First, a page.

In the Autumn Budget and Spending Review on Wednesday 27 October, levelling up was reaffirmed as one of the government’s key objectives. Looking ahead we need more clarity and assurances that policies will be rooted in the evidence that community-driven practice works best.
During the Spending Review, the first round of bids from the Levelling Up Fund were allocated - totalling £1.7 billion overall, including £170 million in Scotland and £120 million in Wales. The Chancellor also announced £560 million in funding for youth services and £200 million funding for football pitches.
Missing from the Chancellor’s speech was any detail about how overarching policy will improve communities and tackle inequalities in opportunities and outcomes.
The government is due to release a white paper on Levelling Up later this year detailing “how bold new policy interventions will improve opportunity and boost livelihoods”. Given that decades of evidence tells us that greater control is key to improving the health of those experiencing disadvantage, what we really need to see from this White Paper is communities placed at the heart of their plans.
In the coming months we hope to see a commitment from government that existing legislative frameworks, which favour community power, will be used to drive their plans forward. For example, The Localism Act 2011 legislated greater devolvement of power to local authorities and communities – and further devolved power has been cited by the Prime Minister and Secretary of State for Levelling Up as key to their plans.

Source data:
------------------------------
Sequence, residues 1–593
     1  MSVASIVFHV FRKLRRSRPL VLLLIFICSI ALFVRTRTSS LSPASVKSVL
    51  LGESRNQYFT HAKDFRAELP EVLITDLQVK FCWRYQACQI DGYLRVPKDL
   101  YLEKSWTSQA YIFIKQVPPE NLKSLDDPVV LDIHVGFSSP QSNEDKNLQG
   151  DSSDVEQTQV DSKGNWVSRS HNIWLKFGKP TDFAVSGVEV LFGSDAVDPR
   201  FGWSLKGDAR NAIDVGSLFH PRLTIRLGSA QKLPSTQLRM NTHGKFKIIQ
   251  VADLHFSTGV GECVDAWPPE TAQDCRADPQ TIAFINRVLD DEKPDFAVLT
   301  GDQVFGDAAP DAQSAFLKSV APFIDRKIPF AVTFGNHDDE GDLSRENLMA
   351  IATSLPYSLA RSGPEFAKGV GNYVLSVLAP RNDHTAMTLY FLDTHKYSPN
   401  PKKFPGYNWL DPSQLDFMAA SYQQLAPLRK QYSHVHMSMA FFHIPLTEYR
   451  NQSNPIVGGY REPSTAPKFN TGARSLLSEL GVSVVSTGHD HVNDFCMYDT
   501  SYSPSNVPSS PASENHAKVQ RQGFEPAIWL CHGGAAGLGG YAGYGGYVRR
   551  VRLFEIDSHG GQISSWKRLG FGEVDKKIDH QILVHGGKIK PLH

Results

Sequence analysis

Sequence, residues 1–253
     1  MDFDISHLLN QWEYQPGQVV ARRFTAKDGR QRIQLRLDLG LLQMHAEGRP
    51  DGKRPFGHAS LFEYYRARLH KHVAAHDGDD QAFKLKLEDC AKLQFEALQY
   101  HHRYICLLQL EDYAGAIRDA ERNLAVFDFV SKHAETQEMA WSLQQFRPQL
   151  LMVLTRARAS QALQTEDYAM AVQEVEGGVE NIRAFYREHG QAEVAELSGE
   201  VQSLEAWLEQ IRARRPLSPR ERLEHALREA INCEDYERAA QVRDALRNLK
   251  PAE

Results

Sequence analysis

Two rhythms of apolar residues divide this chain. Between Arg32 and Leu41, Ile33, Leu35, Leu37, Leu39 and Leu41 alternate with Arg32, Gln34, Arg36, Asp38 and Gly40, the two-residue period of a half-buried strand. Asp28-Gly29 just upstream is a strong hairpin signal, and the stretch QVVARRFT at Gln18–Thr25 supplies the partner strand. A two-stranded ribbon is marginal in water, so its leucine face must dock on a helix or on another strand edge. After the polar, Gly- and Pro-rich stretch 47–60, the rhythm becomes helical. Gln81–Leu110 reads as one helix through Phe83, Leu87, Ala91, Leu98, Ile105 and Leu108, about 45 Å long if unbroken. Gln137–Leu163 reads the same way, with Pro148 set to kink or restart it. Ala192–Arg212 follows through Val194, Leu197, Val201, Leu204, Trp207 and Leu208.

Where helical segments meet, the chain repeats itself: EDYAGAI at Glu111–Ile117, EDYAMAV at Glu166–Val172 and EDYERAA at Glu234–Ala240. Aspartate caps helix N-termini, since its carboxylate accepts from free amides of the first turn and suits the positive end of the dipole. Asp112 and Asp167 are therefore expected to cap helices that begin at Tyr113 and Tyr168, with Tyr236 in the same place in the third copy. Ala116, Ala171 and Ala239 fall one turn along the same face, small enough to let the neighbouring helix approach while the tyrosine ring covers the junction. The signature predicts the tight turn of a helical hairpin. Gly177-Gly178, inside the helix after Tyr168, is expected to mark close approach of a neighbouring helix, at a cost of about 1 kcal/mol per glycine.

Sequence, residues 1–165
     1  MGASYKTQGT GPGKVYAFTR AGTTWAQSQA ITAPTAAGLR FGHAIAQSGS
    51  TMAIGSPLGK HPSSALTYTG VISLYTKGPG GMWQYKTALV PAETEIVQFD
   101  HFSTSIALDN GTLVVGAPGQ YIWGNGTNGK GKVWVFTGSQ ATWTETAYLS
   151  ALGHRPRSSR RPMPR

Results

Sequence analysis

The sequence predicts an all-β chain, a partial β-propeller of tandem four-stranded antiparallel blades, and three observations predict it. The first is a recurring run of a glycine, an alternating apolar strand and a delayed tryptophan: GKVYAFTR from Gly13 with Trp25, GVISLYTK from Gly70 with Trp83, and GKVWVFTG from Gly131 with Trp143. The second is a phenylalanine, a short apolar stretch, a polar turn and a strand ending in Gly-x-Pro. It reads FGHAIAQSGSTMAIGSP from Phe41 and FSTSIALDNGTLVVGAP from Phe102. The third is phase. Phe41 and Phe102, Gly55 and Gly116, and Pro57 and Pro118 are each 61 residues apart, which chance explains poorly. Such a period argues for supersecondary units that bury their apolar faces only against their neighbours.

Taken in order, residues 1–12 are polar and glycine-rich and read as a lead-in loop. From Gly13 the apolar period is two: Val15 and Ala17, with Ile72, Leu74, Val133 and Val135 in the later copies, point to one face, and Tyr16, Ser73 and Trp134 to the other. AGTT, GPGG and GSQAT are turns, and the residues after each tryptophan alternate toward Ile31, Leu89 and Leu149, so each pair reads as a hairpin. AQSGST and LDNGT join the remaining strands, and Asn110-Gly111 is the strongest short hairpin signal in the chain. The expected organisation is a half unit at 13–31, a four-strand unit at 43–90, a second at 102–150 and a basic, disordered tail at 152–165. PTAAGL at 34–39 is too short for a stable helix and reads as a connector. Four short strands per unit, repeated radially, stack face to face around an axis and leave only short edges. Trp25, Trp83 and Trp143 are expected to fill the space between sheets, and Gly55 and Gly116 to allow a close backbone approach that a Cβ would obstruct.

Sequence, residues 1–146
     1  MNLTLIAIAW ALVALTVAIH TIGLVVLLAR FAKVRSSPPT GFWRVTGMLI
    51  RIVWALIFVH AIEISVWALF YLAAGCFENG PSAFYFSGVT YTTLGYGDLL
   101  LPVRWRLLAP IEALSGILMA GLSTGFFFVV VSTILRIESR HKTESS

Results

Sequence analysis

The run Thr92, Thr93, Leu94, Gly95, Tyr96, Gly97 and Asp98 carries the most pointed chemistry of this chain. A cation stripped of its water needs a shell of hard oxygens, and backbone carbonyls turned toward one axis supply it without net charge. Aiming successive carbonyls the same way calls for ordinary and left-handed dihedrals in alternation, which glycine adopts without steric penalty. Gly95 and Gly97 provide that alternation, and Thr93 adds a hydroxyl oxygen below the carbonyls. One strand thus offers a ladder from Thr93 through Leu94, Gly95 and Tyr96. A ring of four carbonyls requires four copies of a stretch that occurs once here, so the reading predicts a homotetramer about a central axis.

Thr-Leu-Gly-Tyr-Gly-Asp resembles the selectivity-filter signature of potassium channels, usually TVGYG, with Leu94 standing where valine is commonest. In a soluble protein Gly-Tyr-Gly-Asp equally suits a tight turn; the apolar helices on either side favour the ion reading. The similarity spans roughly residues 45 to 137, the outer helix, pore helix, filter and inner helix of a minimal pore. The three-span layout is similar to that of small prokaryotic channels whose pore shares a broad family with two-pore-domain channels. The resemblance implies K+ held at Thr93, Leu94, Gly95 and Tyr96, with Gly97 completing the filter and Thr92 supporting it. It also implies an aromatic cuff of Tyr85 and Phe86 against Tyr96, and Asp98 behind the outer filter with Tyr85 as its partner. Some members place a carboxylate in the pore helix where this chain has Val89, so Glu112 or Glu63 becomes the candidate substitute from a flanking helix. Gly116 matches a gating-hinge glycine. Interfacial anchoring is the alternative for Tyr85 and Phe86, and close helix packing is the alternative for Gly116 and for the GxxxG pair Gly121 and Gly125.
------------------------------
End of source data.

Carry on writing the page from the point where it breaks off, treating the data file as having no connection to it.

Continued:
What we have seen so far is the allocation of funds to certain one-off infrastructural projects but, by harnessing legislation based around community power, the process of levelling up can be put into the hands of local people who know what works best for and is most needed in their communities over the long term.
We know that when given the funding and resources, community-led interventions make a difference to neighbourhoods experiencing the highest levels of disadvantage.
Our research, which looked at nearly 3,000 responses over four years, from residents in neighbourhoods invested in through our Local Conversations programme found:
• They are much likelier to agree that when people in the area get involved in their local community, they can really change the way the area is run (82% compared to 51% in similarly disadvantaged neighbourhoods and 54% in England as a whole).
• That people in their neighbourhood pull together to improve their neighbourhood (76%), more than in similarly-disadvantaged neighbourhoods (47%), and in England as a whole (58%).
• They talk to their neighbours in a meaningful way (more than just to say hello, for example) on most days (46%), significantly more than the England average (21%) and the average for similarly disadvantaged neighbourhoods (17%).
While the funding announcements and continued focus on levelling up is welcome, it is just a drop in the ocean compared to the real need in these neighbourhoods across the UK. To achieve the greatest output with the resources available we need to give communities the power to tackle local inequalities.